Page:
Serine Phosphorylation of SR Proteins Is Required for Their Recruitment to Sites of Transcription In Vivo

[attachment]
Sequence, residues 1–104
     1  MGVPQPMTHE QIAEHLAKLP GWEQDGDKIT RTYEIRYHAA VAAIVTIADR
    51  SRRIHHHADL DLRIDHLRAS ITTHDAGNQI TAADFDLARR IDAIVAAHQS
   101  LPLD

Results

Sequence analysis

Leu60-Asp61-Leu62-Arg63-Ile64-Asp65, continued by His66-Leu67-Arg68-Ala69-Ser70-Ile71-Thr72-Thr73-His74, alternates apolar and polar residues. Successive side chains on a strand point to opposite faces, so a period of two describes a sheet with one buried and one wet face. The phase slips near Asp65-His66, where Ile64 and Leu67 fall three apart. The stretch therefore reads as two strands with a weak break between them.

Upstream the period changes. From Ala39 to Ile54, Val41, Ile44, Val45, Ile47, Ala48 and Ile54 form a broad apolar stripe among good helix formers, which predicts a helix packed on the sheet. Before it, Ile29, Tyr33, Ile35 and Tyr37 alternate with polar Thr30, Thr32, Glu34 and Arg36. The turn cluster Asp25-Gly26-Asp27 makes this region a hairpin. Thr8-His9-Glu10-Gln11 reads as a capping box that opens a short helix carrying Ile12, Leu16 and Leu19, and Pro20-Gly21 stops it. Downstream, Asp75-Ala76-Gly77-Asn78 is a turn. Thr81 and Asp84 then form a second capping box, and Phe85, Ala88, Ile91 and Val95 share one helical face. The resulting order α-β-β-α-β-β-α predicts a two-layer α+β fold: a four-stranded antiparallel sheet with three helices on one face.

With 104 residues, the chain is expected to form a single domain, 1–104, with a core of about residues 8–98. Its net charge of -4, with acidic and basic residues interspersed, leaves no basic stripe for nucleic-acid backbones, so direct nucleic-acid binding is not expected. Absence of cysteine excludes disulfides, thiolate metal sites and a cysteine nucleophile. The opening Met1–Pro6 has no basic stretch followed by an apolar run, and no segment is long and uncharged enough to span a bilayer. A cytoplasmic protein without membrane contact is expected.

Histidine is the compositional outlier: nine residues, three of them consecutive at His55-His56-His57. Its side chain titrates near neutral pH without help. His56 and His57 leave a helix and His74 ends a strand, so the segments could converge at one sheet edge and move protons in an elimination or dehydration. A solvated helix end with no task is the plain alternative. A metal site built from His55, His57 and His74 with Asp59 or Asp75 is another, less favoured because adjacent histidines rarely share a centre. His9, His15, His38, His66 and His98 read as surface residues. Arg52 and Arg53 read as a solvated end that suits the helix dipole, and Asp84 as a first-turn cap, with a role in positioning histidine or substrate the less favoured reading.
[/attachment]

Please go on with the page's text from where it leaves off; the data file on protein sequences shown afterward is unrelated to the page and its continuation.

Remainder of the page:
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Expression of most RNA polymerase II transcripts requires the coordinated execution of transcription, splicing, and 3′ processing. We have previously shown that upon transcriptional activation of a gene in vivo, pre-mRNA splicing factors are recruited from nuclear speckles, in which they are concentrated, to sites of transcription (Misteli, T., J.F. Cáceres, and D.L. Spector. 1997. Nature. 387:523-527). This recruitment process appears to spatially coordinate transcription and pre-mRNA splicing within the cell nucleus. Here we have investigated the molecular basis for recruitment by analyzing the recruitment properties of mutant splicing factors. We show that multiple protein domains are required for efficient recruitment of SR proteins from nuclear speckles to nascent RNA. The two types of modular domains found in the splicing factor SF2/ASF exert distinct functions in this process. In living cells, the RS domain functions in the dissociation of the protein from speckles, and phosphorylation of serine residues in the RS domain is a prerequisite for this event. The RNA binding domains play a role in the association of splicing factors with the target RNA. These observations identify a novel in vivo role for the RS domain of SR proteins and suggest a model in which protein phosphorylation is instrumental for the recruitment of these proteins to active sites of transcription in vivo.

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